Another quick tip here. I recently had a DNS (Domain Name System) console that was failing to update. I knew that DNS was functioning properly and that all the records were there. They were just not showing up on this particular server. This is actually a pretty easy fix.
To reset the DNS console, or most mmc consoles, you just need to delete the settings file. There is a settings file for each user that has logged in. This file is located at C:\Users\<username>\AppData\Roaming\Microsoft\MMC\dnsmgmt. You may notice other files in this directory. Those files are the settings files for their respective mmc consoles.
Good morning. I figured it was time for another post on Essentials. Some parts of this article also apply to Foundation edition.
Let’s start off with a little background on Essentials edition. Windows Server Essentials edition is designed for a small to medium sized business. It is a very good option for a small to medium sized business with less than 25 users/computers. Here are a few of the advantages to running Essentials.
- It is less expense than standard edition. Typically by $200-300.
- There are no additional CALs (Client Access Licenses) to purchase. Twenty five user CALs are included.
- Can be easily upgraded to standard edition with a single command.
- Client PC Backup is builtin. This feature automatically backs up client PCs to the server
- Anywhere access is available. This is a feature that was first introduced in SBS (Small Business Server) It allows a user to remotely access computers and file shares. It also allows the administrator to access the Dashboard from anywhere. Additionally the administrator can setup a SSTP (Secure Socket Tunneling Protocol) VPN (Virtual Private Network) via a wizard.
- Easy integration with Microsoft cloud solutions.
What’s the catch? There is always a catch. Windows Essentials edition is no exception. Below are the limitations imposed by running Essentials.
- The Essentials server MUST be a domain controller.
- The Essentials server must hold all the FSMO (Flexible Single Master Operation) roles. If you want to learn more about the FSMO roles here is a good article.
- Only one domain is permitted in the forest where the Windows Essentials edition server resides.
- No forest/domain trusts are permitted.
- The Remote Desktop Session Host role feature is not supported and typically will not function.
So what if the server is not a domain controller or violates one of the rules above? This is where the Server Infrastructure License Service comes into play. This service regularly checks the server to verify it is not violating the EULA (End User License Agreement). If a violation is found the server will shutdown every 27.67 days (27 days, 16 hours). Why Microsoft chose 27.67 days, I have no idea. Before it shuts down though it will warn you. The events will show up in the Server Infrastructure Licensing log.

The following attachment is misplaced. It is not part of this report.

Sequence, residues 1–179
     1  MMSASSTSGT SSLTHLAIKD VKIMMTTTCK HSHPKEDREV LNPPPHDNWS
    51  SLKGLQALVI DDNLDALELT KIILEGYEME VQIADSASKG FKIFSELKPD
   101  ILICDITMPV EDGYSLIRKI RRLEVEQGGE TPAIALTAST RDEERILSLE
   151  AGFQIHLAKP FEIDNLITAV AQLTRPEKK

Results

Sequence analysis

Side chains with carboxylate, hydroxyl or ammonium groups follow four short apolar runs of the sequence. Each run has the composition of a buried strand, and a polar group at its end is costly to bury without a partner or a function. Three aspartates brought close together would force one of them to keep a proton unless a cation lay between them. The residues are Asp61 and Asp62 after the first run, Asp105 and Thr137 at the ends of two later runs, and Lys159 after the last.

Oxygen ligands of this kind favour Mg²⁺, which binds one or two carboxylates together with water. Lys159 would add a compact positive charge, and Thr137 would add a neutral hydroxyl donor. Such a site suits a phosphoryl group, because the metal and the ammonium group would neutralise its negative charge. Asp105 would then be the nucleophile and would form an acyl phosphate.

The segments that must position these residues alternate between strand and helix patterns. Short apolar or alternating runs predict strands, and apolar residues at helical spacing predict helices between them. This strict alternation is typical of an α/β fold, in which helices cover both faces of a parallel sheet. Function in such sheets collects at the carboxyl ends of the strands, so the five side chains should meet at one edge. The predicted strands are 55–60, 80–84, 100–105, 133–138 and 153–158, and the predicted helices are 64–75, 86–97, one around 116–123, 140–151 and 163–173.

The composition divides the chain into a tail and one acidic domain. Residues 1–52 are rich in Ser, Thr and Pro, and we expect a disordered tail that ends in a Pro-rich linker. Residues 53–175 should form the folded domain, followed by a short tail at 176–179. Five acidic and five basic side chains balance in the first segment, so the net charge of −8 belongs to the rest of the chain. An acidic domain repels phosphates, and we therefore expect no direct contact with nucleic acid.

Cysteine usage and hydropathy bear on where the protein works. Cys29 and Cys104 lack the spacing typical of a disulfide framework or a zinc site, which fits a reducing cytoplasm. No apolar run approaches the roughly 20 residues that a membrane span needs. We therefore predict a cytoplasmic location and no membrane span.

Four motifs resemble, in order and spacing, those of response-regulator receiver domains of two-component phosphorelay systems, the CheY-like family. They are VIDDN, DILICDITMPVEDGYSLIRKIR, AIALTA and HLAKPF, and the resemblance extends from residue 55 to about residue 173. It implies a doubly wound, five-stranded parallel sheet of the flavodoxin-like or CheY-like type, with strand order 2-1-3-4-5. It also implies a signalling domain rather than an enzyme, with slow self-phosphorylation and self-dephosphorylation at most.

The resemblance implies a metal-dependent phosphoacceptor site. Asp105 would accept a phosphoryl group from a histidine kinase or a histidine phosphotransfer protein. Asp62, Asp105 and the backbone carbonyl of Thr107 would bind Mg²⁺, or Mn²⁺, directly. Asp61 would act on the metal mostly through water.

The next question is how do we fix these errors. I have seen three causes for this issue. Let’s go over each one and how to fix it. After you believe you have fixed the issue, see the the next section for a way to confirm the issue is resolved.
- The first cause of this issue is also the most painful to fix. If the server is demoted, and put into a workgroup it will cause this issue. All checks will fail because the domain can no longer be contacted. Unfortunately the only fix is to reinstall Windows on the server.
- The second reason these errors might crop up is due to the check failing due to an issue with Active Directory. For instance, if the server is not advertising as a domain controller due a SYSVOL issue. If an Active Directory issue is suspected, the first place to start should be to run a dcdiag. Dcdiag will test the basic functionality and report any issues found. As stated above, if there are SYSVOL issues, then the server will likely fail the advertising test.
- The last reason I have seen on more than a few occasions is the following error:
Log Name: Microsoft-Windows-Server Infrastructure Licensing/Operational
Event ID: 2
Description:The Forest Trust Check in the Licensing component did not pass because error 0x80070008 occurred in function fe1 [YJBI].
Not enough storage is available to process this command.
This error seems to indicate that we are low on hard drive space. However this is not the case. This error is actually referring to a special pool in memory (RAM, Random Access Memory) called the heap. The heap is a finite size, regardless of how much RAM is in the system. Normally Windows will not experience a heap exhaustion, that is where this special pool of memory is completely depleted. However, if a program or driver is leaking memory, then the pool will eventually run out. In case you are wondering what a memory leak is, it occurs when a program or driver allocates memory, but does not free it when complete.
So in essence this error is caused by a malfunctioning program or driver. The good news is that every time I have seen this issue in Essentials or Foundation it was caused by a printer driver. There are 2 ways to fix this problem. The first way is to simply restart the printer spooler service. Restarting the printer spooler service unloads the printer drivers and frees all memory associated with them. This will temporarily eliminate the issue. A scheduled task could then be created to automatically do this on a regular basis. The optimal solution though is to find the problem driver and either remove or update it.